B fun(A); // fine (in theory), overrides A.fun
 }
  Today D does not support contravariant arguments, but Walter told me  
 once he'd be quite willing to implement them. It is definitely the  
 right thing to do, but Walter would want to see a compelling example  
 before getting to work.
  Is there interest in contravariant argument types? If so, do you  
 know of a killer example?
   Thanks,
  Andrei

I can't think of an use for contravariant parameters, since a B is guaranteed to always be a A, I don't see the point of being able to declare fun(A). However, I would love to hear about covariant parameters, it would be most useful for interface implementations: interface A { A fun(A); } class B : A { B fun(B); } class C : A { C fun(C); } Currently you need some pretty boring boilerplate code, which isn't complicated but gets repetitive when you have hundreds of such cases: class B : A { B fun(A) { if(B b = cast(B)b) // do stuff else throw Error("Invalid object type"); } }

A a = new C; a.fun(new A); // oops, you just passed an A into a function which requires a C! Are you suggesting that the compiler insert dynamic cast checks everywhere? Cause that seems like a lot of overhead... -Steve

Not everywhere, only where it detects covariant/contravariant overrides or implementations. In these cases you would already use explicit dynamic casts so the compiler generated code would just lower the required boilerplate.

I don't think it's worth the trouble. Dynamic casts are not as cheap as implicit casts. Contravariance on parameters can be statically proven by the compiler. I agree Andrei's example isn't that compelling (to be fair, he did ask if anyone had a good example, indicating his wasn't), but there are other examples that are more compelling (see the bug report I referenced in a separate sub-thread). For instance, if you only ever use class C, and never instantiate an A or B instance, you still pay the dynamic cast penalty every time you call fun! It doesn't sound to me like a good design. I suppose you probably have run into this before, perhaps a real example would be more convincing. -Steve
Sep 22 2009
prev sibling next sibling parent Andrei Alexandrescu <SeeWebsiteForEmail erdani.org> writes:
Jeremie Pelletier wrote:
 Andrei Alexandrescu wrote:
 Hello,


 Today, overriding functions have covariant return types:

 class A {
     A clone();
 }

 class B : A {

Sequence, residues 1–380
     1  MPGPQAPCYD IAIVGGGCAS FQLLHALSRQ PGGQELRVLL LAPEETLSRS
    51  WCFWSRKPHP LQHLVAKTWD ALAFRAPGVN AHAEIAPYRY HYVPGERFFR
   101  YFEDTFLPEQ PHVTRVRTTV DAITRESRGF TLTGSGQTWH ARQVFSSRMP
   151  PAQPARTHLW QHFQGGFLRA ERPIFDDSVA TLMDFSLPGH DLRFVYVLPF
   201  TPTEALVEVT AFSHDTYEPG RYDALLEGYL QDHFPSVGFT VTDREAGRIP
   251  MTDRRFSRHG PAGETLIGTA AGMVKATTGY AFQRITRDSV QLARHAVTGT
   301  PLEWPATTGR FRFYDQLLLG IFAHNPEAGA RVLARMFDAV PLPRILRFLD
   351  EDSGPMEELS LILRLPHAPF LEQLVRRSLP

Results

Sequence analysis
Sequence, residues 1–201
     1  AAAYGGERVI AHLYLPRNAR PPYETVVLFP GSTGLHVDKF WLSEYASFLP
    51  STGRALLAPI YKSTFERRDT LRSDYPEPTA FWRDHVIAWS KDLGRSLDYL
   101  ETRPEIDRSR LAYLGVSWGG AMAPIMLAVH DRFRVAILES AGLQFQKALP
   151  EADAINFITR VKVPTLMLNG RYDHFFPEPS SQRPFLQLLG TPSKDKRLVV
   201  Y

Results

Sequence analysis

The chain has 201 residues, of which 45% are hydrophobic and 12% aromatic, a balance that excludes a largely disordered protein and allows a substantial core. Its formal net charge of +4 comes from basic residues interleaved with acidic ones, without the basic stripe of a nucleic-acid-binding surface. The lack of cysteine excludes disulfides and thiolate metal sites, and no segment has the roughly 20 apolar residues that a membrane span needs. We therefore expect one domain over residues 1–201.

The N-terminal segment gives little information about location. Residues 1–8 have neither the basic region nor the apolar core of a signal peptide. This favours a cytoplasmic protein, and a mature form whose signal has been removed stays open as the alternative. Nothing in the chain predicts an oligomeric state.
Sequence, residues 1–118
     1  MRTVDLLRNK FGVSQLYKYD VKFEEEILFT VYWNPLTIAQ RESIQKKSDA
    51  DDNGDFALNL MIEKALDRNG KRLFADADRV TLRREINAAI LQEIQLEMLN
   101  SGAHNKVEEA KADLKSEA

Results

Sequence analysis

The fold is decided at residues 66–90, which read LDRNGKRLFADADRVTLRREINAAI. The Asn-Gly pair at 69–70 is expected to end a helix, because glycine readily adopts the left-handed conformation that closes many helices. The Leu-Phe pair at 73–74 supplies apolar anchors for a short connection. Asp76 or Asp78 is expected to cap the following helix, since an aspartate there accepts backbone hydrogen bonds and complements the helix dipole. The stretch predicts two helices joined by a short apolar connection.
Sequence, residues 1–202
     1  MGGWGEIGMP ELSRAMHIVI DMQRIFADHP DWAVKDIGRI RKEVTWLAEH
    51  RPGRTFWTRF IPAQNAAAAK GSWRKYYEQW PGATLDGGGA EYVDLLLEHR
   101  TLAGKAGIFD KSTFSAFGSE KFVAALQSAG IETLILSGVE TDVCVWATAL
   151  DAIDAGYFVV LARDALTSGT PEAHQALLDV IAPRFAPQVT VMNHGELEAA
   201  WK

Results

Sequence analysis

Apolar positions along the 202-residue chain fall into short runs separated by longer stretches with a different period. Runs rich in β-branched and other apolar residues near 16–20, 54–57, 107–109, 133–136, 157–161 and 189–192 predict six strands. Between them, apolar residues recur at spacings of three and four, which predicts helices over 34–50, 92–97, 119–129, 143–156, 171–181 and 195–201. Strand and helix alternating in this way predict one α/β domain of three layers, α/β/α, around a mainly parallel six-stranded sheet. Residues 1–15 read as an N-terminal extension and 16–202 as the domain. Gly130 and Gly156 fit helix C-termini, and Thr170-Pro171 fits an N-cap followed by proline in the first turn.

B clone(); // fine, overrides A.clone
 }

 That is entirely principled and cool. Now the entire story is that 
 overriding function may have not only covariant return types, but also 
 contravariant argument types:

 class A {
     A fun(B);
 }

 class B : A {
     B fun(A); // fine (in theory), overrides A.fun
 }

 Today D does not support contravariant arguments, but Walter told me 
 once he'd be quite willing to implement them. It is definitely the 
 right thing to do, but Walter would want to see a compelling example 
 before getting to work.

 Is there interest in contravariant argument types? If so, do you know 
 of a killer example?


 Thanks,

 Andrei

I can't think of an use for contravariant parameters, since a B is guaranteed to always be a A, I don't see the point of being able to declare fun(A).

The point is that B can state it is ok with a more general type than its base. This may be useful when you have a B instead of an A at your disposal.
 However, I would love to hear about covariant parameters, it would be 
 most useful for interface implementations:
 
 interface A {
     A fun(A);
 }
 class B : A {
     B fun(B);
 }
 class C : A {
     C fun(C);
 }
 
 Currently you need some pretty boring boilerplate code, which isn't 
 complicated but gets repetitive when you have hundreds of such cases:
 
 class B : A {
     B fun(A) {
         if(B b = cast(B)b) // do stuff
         else throw Error("Invalid object type");
     }
 }
 
 Jeremie

This is what Eiffel does, and as your throw shows, is unsound. Covariant parameters is often mentioned when an explanation of Eiffel's demise is sought. Andrei
Sep 22 2009
prev sibling next sibling parent Ary Borenszweig <ary esperanto.org.ar> writes:
Jeremie Pelletier escribió:
 Andrei Alexandrescu wrote:
 Hello,


 Today, overriding functions have covariant return types:

 class A {
     A clone();
 }

 class B : A {
     B clone(); // fine, overrides A.clone
 }

 That is entirely principled and cool. Now the entire story is that 
 overriding function may have not only covariant return types, but also 
 contravariant argument types:

 class A {
     A fun(B);
 }

 class B : A {
     B fun(A); // fine (in theory), overrides A.fun
 }

 Today D does not support contravariant arguments, but Walter told me 
 once he'd be quite willing to implement them. It is definitely the 
 right thing to do, but Walter would want to see a compelling example 
 before getting to work.

 Is there interest in contravariant argument types? If so, do you know 
 of a killer example?


 Thanks,

 Andrei

I can't think of an use for contravariant parameters, since a B is guaranteed to always be a A, I don't see the point of being able to declare fun(A).

The thing is you have this: class C : A { } C c; void foo(B someB) { someB.fun(c); } If contravariant arguments are not supported then fun can only receive a B, not a C. If you want to pass any A you can't, but maybe B.foo relaxes the requirements on it's arguments. Of course you can pass B to it, which is already an A, but you can't pass a C which is another A. That's the use case. I can't come up with a killer example for this, I know I used covariant return types in Java before but never contravariant argument types. But if it's possible to implement it, I'd go for it. It's the right thing to do. And academic people will thank you and be happy. :-)
Sep 23 2009
prev sibling next sibling parent "Steven Schveighoffer" <schveiguy yahoo.com> writes: